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Table of Contents

Chapter One: Introduction Section 1 Mechanisms of Individual Radicalization Chapter Two: Personal Grievance Chapter Three: Group Grievance Chapter Four: Slippery Slope Chapter Five: Love Chapter Six: Risk and Status Chapter Seven: Unfreezing Section 2 Mechanisms of Group Radicalization Chapter Eight: Group Polarization Chapter Nine: Group Competition Chapter Ten: Group Isolation Section 3 Mechanisms of Mass Radicalization Chapter Eleven: Jujitsu Chapter Twelve: Hate Chapter Thirteen: Martyrdom Section 4 Wrapping Up Chapter Fourteen: Osama bin Laden Chapter Fifteen: Them and Us

About the Author

Clark McCauley is Rachel C. Hale Professor of Sciences and Mathematics and Co-Director of the Solomon Asch Center for the Study of Ethnopolitical Conflict at Bryn Mawr College. He received his Ph.D. in social psychology from the University of Pennsylvania in 1970. With Dan Chirot he co-authored Why Not Kill Them All? The Logic and Prevention of Mass Political Murder, published by Princeton University Press in 2006. He is founding editor of the journal Dynamics of Asymmetric Conflict: Pathways toward Terrorism and Genocide. Sophia Moskalenko is a Postdoctoral Research Fellow at the National Consortium for the Study of Terrorism and Responses to Terrorism (NC-START) and a consultant with the Oak Ridge National Laboratory in Oak Ridge, Tennessee. She received her Ph.D. in social psychology from the University of Pennsylvania in 2004. Her research and publications have focused on group identification, political activism, radicalization, and terrorism.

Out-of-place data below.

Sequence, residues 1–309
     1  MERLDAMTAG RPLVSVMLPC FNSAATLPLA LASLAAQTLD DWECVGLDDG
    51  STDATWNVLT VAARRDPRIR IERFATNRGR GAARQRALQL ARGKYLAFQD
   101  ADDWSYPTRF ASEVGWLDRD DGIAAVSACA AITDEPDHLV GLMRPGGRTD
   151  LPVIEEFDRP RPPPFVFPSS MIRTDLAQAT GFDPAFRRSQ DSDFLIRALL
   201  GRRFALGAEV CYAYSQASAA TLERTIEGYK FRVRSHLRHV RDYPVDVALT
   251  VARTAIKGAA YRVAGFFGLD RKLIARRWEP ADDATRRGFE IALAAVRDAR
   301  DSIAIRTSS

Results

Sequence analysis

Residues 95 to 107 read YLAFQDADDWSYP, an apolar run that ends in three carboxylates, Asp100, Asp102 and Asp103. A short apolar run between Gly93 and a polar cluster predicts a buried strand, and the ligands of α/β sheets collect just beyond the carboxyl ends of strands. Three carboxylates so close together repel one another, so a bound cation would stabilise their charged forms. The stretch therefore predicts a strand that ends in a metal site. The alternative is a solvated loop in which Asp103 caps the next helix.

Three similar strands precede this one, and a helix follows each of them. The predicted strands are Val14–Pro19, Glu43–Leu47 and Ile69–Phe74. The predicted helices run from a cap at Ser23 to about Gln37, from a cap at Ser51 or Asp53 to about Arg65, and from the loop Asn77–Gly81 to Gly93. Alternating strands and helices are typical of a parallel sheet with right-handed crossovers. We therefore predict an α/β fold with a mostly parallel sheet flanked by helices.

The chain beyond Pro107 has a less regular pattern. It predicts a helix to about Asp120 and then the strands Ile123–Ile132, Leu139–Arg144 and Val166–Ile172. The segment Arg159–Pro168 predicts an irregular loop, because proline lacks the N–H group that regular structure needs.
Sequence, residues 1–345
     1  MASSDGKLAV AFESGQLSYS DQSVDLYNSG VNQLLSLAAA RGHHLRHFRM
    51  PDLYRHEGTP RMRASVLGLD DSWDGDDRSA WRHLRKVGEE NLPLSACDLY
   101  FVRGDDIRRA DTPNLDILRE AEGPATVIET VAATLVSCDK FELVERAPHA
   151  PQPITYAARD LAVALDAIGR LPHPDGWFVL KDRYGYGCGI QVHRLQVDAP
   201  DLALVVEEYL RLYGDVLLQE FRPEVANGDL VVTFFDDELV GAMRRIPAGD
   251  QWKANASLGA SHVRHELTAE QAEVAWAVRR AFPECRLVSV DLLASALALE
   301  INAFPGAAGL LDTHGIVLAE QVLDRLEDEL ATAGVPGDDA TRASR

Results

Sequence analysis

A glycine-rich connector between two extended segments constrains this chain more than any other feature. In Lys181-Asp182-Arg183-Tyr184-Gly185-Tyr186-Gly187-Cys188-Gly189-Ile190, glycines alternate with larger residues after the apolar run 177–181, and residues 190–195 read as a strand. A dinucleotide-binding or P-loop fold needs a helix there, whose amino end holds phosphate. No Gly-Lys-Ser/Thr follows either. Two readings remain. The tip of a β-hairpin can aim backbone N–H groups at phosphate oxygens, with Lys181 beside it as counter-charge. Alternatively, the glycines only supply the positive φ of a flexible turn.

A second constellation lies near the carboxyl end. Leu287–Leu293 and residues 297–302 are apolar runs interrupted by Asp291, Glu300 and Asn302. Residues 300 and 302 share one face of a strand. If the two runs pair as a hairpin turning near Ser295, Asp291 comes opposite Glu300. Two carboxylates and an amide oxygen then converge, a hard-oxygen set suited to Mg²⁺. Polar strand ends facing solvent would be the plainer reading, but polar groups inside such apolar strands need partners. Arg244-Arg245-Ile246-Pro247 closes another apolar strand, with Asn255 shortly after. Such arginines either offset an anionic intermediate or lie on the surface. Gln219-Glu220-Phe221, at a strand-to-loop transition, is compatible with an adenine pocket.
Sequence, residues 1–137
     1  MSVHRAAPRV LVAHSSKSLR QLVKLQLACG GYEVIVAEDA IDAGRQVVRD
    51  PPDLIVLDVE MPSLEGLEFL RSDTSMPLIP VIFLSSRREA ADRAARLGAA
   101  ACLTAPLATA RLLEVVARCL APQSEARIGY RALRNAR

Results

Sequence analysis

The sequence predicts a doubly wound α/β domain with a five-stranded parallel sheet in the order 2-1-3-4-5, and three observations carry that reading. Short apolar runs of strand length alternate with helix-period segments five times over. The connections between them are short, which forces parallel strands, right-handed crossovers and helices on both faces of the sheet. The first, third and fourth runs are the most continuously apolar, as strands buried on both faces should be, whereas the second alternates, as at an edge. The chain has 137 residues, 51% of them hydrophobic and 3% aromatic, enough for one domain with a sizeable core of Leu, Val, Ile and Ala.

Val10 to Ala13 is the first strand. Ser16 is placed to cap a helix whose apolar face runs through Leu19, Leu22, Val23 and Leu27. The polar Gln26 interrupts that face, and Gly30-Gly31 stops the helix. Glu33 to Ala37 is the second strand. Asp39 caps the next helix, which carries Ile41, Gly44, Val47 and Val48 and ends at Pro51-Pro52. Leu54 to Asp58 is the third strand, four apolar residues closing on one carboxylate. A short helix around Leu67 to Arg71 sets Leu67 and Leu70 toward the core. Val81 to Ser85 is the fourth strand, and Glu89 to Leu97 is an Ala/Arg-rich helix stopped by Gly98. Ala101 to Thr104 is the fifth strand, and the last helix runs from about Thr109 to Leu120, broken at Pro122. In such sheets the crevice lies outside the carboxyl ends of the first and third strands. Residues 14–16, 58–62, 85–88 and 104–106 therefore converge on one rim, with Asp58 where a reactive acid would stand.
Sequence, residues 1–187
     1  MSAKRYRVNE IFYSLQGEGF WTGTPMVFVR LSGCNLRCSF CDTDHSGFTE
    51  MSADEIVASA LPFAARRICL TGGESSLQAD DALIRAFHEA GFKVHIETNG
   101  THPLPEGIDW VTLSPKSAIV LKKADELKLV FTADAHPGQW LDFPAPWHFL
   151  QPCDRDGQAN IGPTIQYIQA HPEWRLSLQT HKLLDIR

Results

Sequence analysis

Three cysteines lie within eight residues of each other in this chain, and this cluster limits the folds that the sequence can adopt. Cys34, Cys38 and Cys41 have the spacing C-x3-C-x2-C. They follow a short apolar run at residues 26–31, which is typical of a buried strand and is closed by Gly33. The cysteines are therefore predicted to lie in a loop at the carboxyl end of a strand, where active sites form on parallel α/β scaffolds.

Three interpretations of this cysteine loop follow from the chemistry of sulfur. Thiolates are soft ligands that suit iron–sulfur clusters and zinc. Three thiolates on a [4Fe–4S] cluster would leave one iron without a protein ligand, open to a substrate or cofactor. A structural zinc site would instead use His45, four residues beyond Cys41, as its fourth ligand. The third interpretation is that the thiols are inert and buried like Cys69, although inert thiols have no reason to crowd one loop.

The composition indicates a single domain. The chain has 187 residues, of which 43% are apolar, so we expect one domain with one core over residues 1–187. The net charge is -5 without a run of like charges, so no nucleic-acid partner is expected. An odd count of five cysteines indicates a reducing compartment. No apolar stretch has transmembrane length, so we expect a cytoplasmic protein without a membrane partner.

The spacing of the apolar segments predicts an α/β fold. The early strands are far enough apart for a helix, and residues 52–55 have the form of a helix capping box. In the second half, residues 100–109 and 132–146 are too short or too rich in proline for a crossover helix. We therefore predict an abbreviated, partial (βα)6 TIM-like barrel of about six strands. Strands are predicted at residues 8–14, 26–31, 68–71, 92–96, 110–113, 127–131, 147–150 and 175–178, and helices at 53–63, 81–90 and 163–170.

"McCauley and Moskalenko markedly advance and order our understanding of how individuals are radicalized and why the process often yields terrorists. The authors impart needed discipline and common sense to a field where abstract theory unconnected to reality often dominates. Most important, the authors describe and analyze the very personal, dramatic, disorienting, and frequently searing experiences that put men and women on radicalization's path." --Michael Scheuer, former senior officer, Central Intelligence Agency; Adjunct Professor, Security Studies Program, Georgetown University; and author of Imperial Hubris and Osama bin Laden "Anyone concerned with predicting or intervening against intergroup violence should read this book. The authors engagingly present a wide range of case studies to show how individuals, groups, and mass publics are mobilized for political conflict." --Todd Leventhal, Director of Interagency Strategic Communication Network, U.S. Department of State "In this brilliant book, McCauley and Moskalenko exploit our interest in true crime stories to help us overcome our inability to think objectively about the Islamic terrorism we are now battling. They tell us stories about the first modern terrorist group, fighting the Czar in the late 19th century, and then show us the same patterns at work in American homegrown terrorists and Islamic terrorists. This is social psychology at its best DL dramatic stories exemplifying accessible theories, backed up by clever experiments and set into multiple historical contexts. You'll understand terrorists for the first time, and you'll see how we can best thwart their goals by refusing to play their game." --Jonathan Haidt, Professor of Psychology, University of Virginia, and author of The Happiness Hypothesis: Finding Modern Truth in Ancient Wisdom "McCauley and Moskalenko present a vivid, theoretically grounded, and historically wide-ranging account of the social psychological processes that can drive ordinary people to radicalization and violence. The analysis skillfully illuminates a complex phenomenon without trivializing or over-simplifying, and its emphasis on the reciprocal dynamics of conflict adds critical balance. In comparing the Russian revolutionary movement of the nineteenth century to contemporary extremist groups of assorted persuasions, the authors have produced an impressively thorough and compelling explanation of the intricate mechanisms behind the resort to violence in the service of a cause." --Martha Crenshaw, Senior Fellow, Center for International Security and Cooperation, Stanford University, and author of Explaining Terrorism: Causes, Processes and Consequences "What do militants of the old Russian terrorist group, People's Will, and current-day Al Qaeda have in common? Going beyond stereotypes of terrorists' pathological personalities, this book presents compelling evidence of a complex set of causal mechanisms working at the individual and group levels. In many and diverse contexts, this book shows the importance of identification and politicization processes in transforming grievances into action in underground violent organizations." --Donatella Della Porta, Professor of Sociology, European University Institute, and author of Social Movements, Political Violence, and the State: A Comparative Analysis of Italy and Germany "People commonly react to horrendous acts of violence such as the 9/11 attacks by searching for explanations that focus on the culprits. In strong contrast, McCauley and Moskalenko argue that terrorism is fueled by the friction between radical extremists and the individuals and ideas they oppose. This thoughtful, yet readable, book shows that horrendous or not, terrorists cannot escape basic principles of social psychology- but then, neither can the rest of us." --Gary LaFree, Director, National Consortium for the Study of Terrorism and Responses to Terrorism (START), and author of Losing Legitimacy: Street Crime and the Decline of Social Institutions in America "In this excellent book, the authors describe the personal experiences and psychology of individuals, as well as the dynamics of groups, which lead to radicalization. Mechanisms of radicalization- including personal and political grievances, ideals, inducement by friends, the attractions of risk-taking and status, and the interdependence of people in groups-are highlighted through stories of terrorists in earlier times and today. This is a compelling, highly readable book that offers impressive understanding of terrorist individuals and groups." --Ervin Staub, Founding Director, Psychology of Peace and Violence Program, University of Massachusetts at Amherst, and author of Overcoming Evil: Genocide, Violent Conflict, and Terrorism "So much has been written about radicalization that is generic or apocryphal that the field needs desperately to find a contribution that is systematic, research-based, clear, and persuasive. And that is the task that McCauley and Moskalenko have taken on, and triumphantly achieved. The book works analytically; it works because it tells the tales of the violent and radicalized comprehensively, and it works because it does not just focus on 'them', but on 'us, and on the inter-relationship. In short, it is the most important book written on this complex and politicized subject to date." --Stuart Croft, Professor of International Security, Warwick University, UK, and author of Culture, Crisis and America>'s War on Terror "This book introduces twelve mechanisms that underlie political radicalization and lead to violence and terrorism. In their highly systematic yet readable account, the authors identify mechanisms that can be found at work in every terrorist group, whatever its ideology. The authors provide new and effective tools for understanding political events, and for recognizing and controlling the extent to which radicalization affects all of us. Cases of modern and 19th century terrorists are interwoven to offer vividness and historical depth." -- Ifat Maoz, Director, Smart Communications Institute, Hebrew University of Israel "Weaving historical narrative and psychological theory effectively and, at times, dramatically, the authors provide a holistic approach to one of the most vexing challenges of our time. Written in a refreshingly accessible and readable style, the book will appeal to scholars, practitioners, and general readers alike." --Paul J. Smith, Associate Professor, National Security Decision Making Department, U.S. Naval War College, and author of The Terrorism Ahead: Confronting Transnational Violence in the 21st Century "This remarkably ingenious and enlightening book looks at how radical terrorists are formed. What is so novel is that it compares at great length the Russian revolutionaries, who tried to overthrow the Czarist regime in the late nineteenth and early twentieth century, to the Islamist terrorists who now occupy our attention. The authors show how strongly terrorists believe in what they are doing, how committed they are, and how difficult it is to defeat them even when many of them are killed. This book will help us see more clearly what we are up against, and what we might need to do to limit the damage." --Daniel Chirot, Tamaki Professor of International Studies, Henry M. Jackson School of International Studies, University of Washington, and author of Why Not Kill Them All? The Logic and Prevention of Mass Political Murder "Both long-term students of political violence and a more general readership will find this book fascinating. It will not only be used in the classroom, but (at least in my personal case) be kept on the shelf as a reference book on key social psychological mechanisms of political radicalization. In my opinion, no other work so smoothly integrates a sophisticated treatment of social psychology into the important, and poorly understood, subject of political violence and terrorism." --Roger Petersen, Arthur and Ruth Sloan Chair of Political Science, Massachusetts Institute of Technology, and author of Understanding Ethnic Violence: Fear, Hatred, Resentment in Twentieth Century Eastern Europe "McCauley (Why Not Kill Them All?), co-director of the Solomon Asch Center for the Study or Ethnopolitical Conflict, and Moskalenko, a research fellow at the National Consortium for the Study of Terrorism and Responses to Terrorism, seek a more complex discussion of terrorism, and methodically examine radicalizationEL. A better understanding of the mechanisms under which terrorism thrives can lead to more efficacious counter-terrorism policies. A valuable contribution to the ongoing dialogue." --Publishers Weekly "Written for the lay reader, with recommended reading lists after each chapter, Friction takes a well-integrated and thoughtful approach to the many drivers of unrest and upheaval. It offers valuable insights to students of history, politics, psychology, and war." -- Elissa Malcohn, Psych Central "This book may be of value for students in various introductory, and even some advanced, university courses. Instructors in criminal justice, sociology, political science, and psychology may want to consider this volume for their classes' reading lists." -- Frederick J. Frese, PhD, PsycCRITIQUES "Friction takes a refreshingly newer look at radicalization, and it should be on the list of every reader who is interested in studying and understanding radicalization. Everyone who is fighting against radicalized individuals should read this book so they have a baseline understanding of what they are up against and how individuals who are radicalized can take a perceived wrongdoing from an event in their childhood or early adulthood and use that event as a foundation for radicalization later in life. On a positive note, if one wants to radicalize others for the good of humanity, reading this book will help him or her understand what is involved in motivating others to join a cause and find passion for that cause." -- Dr. Robin L. Thompson, NASA Counterintelligence Office, Journal of Strategic Security "The beauty of Friction is in the organization and writing. McCauley and Moskalenko discuss twelve radicalization mechanisms distinguished at three levels: individual, group, and mass radicalization. To illustrate these mechanisms, the authors liberally sprinkle a wide range of cases throughout the book that take the reader back and forth from the nineteenth century to the present and across many political contexts and cultures... Friction is an excellent book to introduce a widerange of students to research on radicalism and can also serve as a springboard to new research that fills gaps they highlight in existing explanations of radical politics." -- Robert Futrell, University of Nevada, Las Vegas, Journal Mobilization